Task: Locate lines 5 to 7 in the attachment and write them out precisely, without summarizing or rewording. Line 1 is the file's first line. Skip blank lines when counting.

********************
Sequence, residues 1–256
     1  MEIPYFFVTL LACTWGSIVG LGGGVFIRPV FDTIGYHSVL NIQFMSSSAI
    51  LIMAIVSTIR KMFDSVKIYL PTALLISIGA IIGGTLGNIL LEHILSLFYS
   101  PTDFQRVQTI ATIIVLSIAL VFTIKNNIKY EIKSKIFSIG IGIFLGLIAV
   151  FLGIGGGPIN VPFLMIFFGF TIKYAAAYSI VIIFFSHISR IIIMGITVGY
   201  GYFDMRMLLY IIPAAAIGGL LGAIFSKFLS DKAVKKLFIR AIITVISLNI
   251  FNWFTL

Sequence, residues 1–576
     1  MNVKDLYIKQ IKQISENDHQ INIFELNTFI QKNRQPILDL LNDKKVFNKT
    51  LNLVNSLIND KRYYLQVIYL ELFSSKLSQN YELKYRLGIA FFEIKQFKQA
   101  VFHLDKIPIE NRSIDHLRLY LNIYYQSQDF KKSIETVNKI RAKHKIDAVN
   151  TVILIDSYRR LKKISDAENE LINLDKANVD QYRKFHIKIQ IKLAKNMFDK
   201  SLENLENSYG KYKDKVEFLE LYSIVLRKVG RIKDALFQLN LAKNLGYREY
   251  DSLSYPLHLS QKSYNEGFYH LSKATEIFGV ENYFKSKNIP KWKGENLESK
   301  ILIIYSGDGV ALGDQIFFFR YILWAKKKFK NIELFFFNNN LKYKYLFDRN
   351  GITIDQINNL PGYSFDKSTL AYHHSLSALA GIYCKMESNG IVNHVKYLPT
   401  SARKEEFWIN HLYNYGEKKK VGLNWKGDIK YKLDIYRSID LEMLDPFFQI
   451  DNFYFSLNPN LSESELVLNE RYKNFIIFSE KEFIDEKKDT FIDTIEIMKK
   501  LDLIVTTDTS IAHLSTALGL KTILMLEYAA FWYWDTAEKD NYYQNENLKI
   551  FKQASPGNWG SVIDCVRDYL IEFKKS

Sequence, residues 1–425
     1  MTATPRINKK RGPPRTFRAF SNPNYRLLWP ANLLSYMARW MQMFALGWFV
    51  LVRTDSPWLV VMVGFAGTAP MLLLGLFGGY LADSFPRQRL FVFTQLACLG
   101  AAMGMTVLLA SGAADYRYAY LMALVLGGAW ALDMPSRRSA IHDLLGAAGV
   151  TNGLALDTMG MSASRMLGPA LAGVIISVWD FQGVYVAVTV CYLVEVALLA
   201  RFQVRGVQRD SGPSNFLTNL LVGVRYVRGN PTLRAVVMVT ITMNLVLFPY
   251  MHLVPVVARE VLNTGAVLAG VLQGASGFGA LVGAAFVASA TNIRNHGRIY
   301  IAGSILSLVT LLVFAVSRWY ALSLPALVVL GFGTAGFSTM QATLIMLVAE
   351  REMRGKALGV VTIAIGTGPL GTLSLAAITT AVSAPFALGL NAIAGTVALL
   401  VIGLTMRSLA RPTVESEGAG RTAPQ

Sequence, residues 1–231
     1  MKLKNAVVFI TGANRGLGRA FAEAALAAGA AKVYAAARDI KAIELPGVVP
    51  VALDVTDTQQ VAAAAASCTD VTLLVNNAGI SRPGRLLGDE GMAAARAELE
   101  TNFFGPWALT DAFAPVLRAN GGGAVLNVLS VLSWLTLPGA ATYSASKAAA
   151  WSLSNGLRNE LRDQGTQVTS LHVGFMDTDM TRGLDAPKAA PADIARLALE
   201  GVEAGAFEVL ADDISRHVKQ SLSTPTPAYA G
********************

   151  FLGIGGGPIN VPFLMIFFGF TIKYAAAYSI VIIFFSHISR IIIMGITVGY
   201  GYFDMRMLLY IIPAAAIGGL LGAIFSKFLS DKAVKKLFIR AIITVISLNI
   251  FNWFTL